If Saddam is gone and his sons dispatched, you will still need two things: complete coöperation of whoever is running the show and inspection teams to cleanse every bedroom and every crevice in the palaces. Iraq is a proud country that has been humiliated, and it's madness to think that these people, while hating Saddam, are in love with the United States. Latent nationalism will emerge, and there will be those who want to hold on to whatever weapons they've held back. The danger is that these capabilities could pop up somewhere else—in control of some small Army group with its own agenda.


emphasis mine.
posted by y2karl at 5:29 PM on August 3, 2002


Syemoursh is Seymour Hersh's new name, if you missed the memo;)
posted by y2karl at 5:31 PM on August 3, 2002


I am probably going off on a bit of a foolish tangent here since I too think that Saddam is a loose cannon that the world ought to do something about.

That the American foreign policy during cold war containment years was amoral is something many people can get over (Let us face it - Taliban came to power in Afghanistan because of the quid pro quo that US had with Pakistan at that time. Mr. Hamid Karzai's then party itself had a very hard time getting any face time from the US embassy during the Zia years). But that even in a uniporal world U.S. foreign policy continues to be dictated by pure economic interest and a status quo mentality is what the world has a hard time getting used to.

I have no problem whatsoever with an international/US effort to oust Saddam. That guy is a maniac and is probably a danger to the rest of the world. The idea that he would get his hands on WMD is pretty scary.

But let us not forget that the strain of Islam that is creating and bankrolling militant fundamentalist Islam from Central Asia to Pakistan is coming from Saudi Arabia. That the man on the street in Egypt is probably a lot of frustrated and a lot more capable of wrecking havoc in the outside world than the man on the street in Iraq. A quote from an American fugitive in Iran in an unrelated story in New Yorker captured my unease:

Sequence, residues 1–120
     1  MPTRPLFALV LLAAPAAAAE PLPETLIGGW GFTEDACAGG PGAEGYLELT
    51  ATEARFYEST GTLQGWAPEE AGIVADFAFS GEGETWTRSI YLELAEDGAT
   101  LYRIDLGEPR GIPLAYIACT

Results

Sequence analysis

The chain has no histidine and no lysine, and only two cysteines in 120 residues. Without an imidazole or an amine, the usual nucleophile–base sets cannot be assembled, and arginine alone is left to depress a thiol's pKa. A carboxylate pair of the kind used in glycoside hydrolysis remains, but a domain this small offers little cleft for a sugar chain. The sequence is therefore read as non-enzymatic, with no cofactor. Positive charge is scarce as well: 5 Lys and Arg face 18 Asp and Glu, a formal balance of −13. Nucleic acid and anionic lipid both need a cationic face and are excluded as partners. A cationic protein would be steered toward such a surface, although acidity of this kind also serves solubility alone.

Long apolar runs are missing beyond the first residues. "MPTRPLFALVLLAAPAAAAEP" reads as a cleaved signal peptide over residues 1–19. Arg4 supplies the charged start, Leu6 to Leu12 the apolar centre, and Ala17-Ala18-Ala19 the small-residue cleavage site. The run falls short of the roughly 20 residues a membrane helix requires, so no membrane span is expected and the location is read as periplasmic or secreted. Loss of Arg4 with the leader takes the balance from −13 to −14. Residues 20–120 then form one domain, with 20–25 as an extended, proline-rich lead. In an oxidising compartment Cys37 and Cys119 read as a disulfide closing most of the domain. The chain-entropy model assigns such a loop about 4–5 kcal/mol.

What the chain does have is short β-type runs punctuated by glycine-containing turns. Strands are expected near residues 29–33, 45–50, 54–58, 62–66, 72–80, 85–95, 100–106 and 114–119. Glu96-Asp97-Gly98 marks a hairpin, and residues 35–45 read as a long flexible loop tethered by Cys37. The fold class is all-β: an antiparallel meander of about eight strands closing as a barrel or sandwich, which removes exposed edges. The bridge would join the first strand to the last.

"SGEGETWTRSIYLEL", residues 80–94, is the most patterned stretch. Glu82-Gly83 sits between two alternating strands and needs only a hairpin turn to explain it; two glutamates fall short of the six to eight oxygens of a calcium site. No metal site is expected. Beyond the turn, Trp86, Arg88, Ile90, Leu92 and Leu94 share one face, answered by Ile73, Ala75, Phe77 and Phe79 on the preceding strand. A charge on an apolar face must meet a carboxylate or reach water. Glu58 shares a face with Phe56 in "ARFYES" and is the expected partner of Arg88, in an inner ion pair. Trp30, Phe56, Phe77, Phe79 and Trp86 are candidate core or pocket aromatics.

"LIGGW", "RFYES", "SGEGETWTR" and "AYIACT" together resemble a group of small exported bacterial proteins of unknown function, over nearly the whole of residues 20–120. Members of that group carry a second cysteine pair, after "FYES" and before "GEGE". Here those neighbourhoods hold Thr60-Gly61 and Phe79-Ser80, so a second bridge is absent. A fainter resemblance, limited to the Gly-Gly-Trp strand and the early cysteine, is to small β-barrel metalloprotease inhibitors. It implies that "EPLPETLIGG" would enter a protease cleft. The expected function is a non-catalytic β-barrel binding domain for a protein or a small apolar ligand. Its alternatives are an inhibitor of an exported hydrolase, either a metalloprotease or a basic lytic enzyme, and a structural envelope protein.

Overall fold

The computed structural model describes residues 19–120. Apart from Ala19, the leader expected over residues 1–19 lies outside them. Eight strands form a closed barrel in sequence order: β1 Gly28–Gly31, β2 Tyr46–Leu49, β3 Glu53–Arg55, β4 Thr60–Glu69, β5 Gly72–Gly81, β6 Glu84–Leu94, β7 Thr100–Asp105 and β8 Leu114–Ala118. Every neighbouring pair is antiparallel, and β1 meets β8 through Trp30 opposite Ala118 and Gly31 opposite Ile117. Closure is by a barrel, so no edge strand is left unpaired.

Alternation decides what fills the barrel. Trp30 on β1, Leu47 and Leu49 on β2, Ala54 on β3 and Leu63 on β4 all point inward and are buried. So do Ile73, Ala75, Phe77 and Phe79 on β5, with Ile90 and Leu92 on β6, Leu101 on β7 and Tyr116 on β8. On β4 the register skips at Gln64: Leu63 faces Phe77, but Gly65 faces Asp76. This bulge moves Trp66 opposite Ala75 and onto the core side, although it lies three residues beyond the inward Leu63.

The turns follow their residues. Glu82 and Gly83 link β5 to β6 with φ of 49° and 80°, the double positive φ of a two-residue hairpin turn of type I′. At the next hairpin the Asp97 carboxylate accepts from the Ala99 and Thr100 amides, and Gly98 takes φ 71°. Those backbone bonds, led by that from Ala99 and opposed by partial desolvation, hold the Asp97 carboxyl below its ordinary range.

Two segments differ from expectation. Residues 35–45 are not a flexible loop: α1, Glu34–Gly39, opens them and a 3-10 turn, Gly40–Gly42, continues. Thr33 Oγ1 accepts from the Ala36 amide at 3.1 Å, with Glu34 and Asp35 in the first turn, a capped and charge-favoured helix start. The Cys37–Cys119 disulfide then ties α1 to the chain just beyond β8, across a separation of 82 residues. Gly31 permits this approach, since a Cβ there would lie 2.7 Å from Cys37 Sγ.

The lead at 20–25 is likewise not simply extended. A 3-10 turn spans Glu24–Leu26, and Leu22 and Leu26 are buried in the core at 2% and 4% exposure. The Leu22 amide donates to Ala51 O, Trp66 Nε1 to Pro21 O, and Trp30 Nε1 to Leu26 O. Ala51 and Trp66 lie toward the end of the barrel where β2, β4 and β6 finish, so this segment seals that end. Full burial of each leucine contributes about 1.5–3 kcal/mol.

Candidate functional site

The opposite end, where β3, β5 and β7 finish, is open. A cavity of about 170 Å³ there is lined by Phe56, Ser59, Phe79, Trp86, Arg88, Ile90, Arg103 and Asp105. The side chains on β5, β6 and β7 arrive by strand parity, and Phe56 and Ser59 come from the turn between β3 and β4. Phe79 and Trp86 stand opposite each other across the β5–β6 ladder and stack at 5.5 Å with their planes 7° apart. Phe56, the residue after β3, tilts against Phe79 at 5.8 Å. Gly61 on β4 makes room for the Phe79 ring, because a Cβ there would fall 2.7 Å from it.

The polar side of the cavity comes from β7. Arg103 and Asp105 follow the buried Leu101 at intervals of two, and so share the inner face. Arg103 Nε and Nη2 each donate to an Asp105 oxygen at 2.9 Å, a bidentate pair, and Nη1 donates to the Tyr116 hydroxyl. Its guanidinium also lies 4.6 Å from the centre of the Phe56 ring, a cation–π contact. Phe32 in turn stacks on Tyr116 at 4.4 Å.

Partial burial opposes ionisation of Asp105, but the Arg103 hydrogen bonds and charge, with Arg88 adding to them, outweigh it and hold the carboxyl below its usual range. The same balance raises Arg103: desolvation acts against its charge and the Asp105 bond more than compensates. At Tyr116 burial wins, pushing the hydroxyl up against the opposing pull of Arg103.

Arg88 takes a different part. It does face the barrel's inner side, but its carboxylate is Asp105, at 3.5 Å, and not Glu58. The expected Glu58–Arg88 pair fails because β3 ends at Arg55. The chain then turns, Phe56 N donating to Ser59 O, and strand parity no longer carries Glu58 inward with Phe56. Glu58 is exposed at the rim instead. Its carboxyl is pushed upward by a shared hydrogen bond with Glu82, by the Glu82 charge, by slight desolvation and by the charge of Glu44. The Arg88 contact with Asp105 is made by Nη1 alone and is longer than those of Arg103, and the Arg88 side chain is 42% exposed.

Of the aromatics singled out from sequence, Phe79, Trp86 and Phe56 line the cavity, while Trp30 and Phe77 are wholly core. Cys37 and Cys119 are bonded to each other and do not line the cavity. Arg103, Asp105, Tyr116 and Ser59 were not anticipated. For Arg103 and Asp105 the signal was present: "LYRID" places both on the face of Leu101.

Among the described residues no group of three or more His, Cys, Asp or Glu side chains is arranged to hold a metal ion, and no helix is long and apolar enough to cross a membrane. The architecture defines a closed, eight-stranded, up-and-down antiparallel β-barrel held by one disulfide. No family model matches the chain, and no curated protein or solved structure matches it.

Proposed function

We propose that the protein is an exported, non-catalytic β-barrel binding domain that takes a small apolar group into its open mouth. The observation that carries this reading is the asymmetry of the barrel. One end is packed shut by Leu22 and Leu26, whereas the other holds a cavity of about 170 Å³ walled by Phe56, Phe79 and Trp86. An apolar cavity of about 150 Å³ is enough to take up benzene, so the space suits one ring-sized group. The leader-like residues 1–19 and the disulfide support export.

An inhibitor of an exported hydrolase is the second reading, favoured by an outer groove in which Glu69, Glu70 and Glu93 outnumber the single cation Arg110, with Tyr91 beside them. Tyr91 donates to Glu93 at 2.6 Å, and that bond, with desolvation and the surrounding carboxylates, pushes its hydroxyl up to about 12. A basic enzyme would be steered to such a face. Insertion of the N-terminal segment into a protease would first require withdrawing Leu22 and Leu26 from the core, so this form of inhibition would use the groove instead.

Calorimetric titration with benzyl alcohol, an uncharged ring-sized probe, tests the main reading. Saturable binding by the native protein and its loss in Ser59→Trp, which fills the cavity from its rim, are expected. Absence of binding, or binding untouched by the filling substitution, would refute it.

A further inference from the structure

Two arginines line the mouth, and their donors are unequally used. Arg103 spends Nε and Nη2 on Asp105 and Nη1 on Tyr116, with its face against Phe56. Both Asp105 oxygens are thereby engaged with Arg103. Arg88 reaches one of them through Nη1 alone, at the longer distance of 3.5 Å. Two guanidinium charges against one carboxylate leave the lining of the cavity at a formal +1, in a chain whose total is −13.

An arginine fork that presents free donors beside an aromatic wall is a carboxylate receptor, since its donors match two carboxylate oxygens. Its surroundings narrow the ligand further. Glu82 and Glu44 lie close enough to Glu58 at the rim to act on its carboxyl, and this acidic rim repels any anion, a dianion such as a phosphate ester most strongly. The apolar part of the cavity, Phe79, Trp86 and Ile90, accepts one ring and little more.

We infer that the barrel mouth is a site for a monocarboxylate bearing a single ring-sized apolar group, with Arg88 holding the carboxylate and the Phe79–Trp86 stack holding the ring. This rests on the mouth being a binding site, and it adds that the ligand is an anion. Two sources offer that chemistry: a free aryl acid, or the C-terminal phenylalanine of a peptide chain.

"I would think that Egyptian society in particular and Saudi Arabia to a lesser extent have been incubating this (Md. Atta)type of personality for decades."

The underlying problem is not Saddam. The underlying problem is the tugs and pressures that are supporting the repressive societies in middle east. When a people lose its voice, when it has no uplifting cause to rally around and have no way of gaining it, it mutates into all sorts vicious animals. i have said this here earlier too. You can not support democracy at home and repressive regimes with different values abroad and expect people to heed your moral call. Unless the anachronistic and repressive social structure in middle east which us the rest of the world continue to support (because everyone is afraid that what may replace it is going to be worse) middle east is going to remain a powder keg.

Even NOW, the US administration seems blind to the dichotomies of its position. Today's Friedman op-ed mentions the disturbing case of Saad Eddin Ibrahim in Egypt. A few weeks back TNR published a story about the dangers of voicing your opinions in current day Afganistan. I was recently reading a book on militant Islam in central Asia(unfortunately unavailable online) that talks about how the dictatorial regimes in central Asia are sending the disaffected kids into the arms of the Mullahs. Every last one of them are run by recycled communists. And of course they are buddies of the current US government (I am a fine one to talk anyway. The current Indian government has decided to befriend those regimes too having conveniently forgotten what the support of Najibullah regime cost us).